Up in a little corner on H St, two groups were tuning up for a night’s worth of music 700 miles away from home. On Wednesday, November 30th, co-headliners Friko and The Slaps invited the audience into Chicago’s rising music scene.
The opening act, Violet Evergreen, began the night with a rough and tough set, striking listeners with metal and rock songs. At moments, the strong vocals and instrumentals collided too harshly, resulting in a devolving and discordant clamor. Maryland natives, the quartet set the tone for the night, amplifying the crowd’s anticipation for what might follow from the next group.
Friko was the first headliner, and they took to the stage with guitars, a keyboard, and written setlists in hand. The moment the trio literally stepped into the spotlights, the group’s heart was clear. Embracing in a group hug and perhaps exchanging some words obscured from the audience’s eyes and ears, the band took something similar to a pause before the storm. Still, no moment was an adequate signal for the visceral energy of the upcoming performance.
Wednesday night‘s performance was a testament to Friko’s incredible devotion to the music and what the craft means to the group. Friko was full of improvised shrieks, toe raises, and ardent expressions. Though the performance was technically exceptional, the clear highlight of the night was Niko Kapetan’s vocals . Kapetan’s vocal skill and projection were awe-inspiring; with such a raw yet powerful voice, his presence seemed too large for the small barstools of Pie Shop. His performance of “Half As Far,” an honest and vulnerable song that the band’s frontman wrote in the immediate aftermath of dropping out of university, showcased just how well Kapetan projects a multitude of emotions through a single lyric. With Luke Stamos on bass and Bailey Minzenberger on drums, the band’s recorded discography took on a fuller richness, and the tone of each track’s live execution became more complex.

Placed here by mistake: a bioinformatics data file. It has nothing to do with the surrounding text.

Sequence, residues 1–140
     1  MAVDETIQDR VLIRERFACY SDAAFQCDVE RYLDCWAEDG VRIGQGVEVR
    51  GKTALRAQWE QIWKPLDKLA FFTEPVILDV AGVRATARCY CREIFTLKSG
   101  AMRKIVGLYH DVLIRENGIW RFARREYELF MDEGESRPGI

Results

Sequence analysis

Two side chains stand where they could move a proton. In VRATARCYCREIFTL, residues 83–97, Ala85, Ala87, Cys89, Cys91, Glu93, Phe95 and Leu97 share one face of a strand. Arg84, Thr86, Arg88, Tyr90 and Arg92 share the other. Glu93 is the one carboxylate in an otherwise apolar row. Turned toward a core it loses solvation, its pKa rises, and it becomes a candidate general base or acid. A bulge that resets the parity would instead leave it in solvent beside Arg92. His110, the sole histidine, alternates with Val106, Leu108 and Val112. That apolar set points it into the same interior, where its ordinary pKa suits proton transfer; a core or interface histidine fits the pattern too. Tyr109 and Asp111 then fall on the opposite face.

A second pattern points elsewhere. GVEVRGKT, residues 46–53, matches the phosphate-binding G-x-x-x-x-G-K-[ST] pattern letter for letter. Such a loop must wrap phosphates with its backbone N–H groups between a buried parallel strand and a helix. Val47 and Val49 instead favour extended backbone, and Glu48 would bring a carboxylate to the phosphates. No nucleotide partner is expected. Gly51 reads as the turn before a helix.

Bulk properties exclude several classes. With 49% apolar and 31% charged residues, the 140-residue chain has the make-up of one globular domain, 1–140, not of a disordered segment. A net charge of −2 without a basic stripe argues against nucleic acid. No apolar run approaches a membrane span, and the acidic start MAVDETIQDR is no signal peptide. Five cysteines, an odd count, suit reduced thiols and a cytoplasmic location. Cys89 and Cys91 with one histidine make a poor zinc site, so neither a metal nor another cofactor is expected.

As Friko thanked the audience and exited the stage, The Slaps prepared to take their turn with the crowd. The atmosphere shifted and cooled; where Friko left the room charged with palpable emotion, The Slaps began to smooth the air into something similar to nonchalance. It was the beginning of the night’s introduction to slacker rock.
An American Generation X-led genre, slacker culture is a mix-and-match label that intertwines the lo-fi and rock genres. As such, slacker rock is characterized by crooning vocals, plunking strings, and a generally blasé performance style.
The Slaps proved an appealing entry point for curious listeners to the sub-genre of slacker rock. With limp wrists and nodding heads, group members Rand Kelly, Ramsey Bell, and Josh Resing stepped along like the songs were leading their body language. Performances of “Being Around” and “Gallons” took twangy turns, and improvised endings left audience members warbling back to the band. The band sporadically broke for comedic exchanges, pausing for conversations implied to be just as important as the songs themselves. The Slaps took each moment in the direction they pleased; as such, the night ended with two unplanned encores. The performance highlighted the droning casualness of young adulthood– a focal point that made sense, considering their formation in college. Simplicity is difficult to perfect in music, but as they gain further experience, The Slaps are coming closer and closer to achieving that elusive goal.
On November 30th, Pie Shop was a microcosm of the highs and lows of musical influence on emotions. Where Friko strung together a frenzied tone of fervor, The Slaps drew out long acoustic strands of atmospheric steadiness. Coming from the same city might have initially meant something– or perhaps it doesn’t mean anything at all. Despite their Chicago roots, both Friko and The Slaps have found the listeners and success they deserve across city and state lines.